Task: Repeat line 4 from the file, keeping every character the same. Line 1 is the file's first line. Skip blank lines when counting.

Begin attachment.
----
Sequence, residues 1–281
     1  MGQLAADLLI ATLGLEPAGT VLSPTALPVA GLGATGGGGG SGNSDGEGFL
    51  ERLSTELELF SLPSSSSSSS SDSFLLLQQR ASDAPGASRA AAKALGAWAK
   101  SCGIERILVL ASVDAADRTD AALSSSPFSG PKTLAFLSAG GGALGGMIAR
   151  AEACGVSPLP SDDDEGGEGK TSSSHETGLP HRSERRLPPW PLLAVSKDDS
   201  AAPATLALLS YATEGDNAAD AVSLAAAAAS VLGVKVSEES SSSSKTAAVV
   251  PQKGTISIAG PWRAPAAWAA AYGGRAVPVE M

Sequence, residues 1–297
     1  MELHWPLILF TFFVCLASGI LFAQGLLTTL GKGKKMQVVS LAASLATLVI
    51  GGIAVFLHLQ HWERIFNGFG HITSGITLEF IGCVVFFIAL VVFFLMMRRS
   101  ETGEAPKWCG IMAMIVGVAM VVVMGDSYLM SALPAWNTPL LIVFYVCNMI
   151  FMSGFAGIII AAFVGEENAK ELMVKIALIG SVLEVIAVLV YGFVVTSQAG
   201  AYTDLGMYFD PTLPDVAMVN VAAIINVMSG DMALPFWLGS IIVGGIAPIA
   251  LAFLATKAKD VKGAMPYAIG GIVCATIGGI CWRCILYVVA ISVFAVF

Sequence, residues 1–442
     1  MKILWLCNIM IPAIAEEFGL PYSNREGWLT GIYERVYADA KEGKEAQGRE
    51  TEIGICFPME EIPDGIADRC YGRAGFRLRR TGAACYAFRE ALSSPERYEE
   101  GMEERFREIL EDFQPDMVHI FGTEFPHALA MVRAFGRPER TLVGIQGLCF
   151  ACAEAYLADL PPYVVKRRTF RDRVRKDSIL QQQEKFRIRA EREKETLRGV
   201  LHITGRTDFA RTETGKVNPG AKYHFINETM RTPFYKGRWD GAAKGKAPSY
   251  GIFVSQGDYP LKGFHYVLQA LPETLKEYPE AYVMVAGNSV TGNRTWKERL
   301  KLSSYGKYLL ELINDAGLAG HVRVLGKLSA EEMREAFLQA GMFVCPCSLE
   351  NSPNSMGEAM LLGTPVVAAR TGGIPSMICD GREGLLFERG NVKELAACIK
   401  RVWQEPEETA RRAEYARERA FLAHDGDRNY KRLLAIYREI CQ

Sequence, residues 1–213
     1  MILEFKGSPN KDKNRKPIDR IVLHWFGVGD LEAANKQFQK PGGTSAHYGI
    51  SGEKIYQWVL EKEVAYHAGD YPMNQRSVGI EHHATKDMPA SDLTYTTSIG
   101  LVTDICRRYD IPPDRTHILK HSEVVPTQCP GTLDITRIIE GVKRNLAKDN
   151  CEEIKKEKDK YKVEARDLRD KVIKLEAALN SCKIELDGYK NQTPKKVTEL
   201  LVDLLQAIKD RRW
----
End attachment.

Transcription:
   101  SCGIERILVL ASVDAADRTD AALSSSPFSG PKTLAFLSAG GGALGGMIAR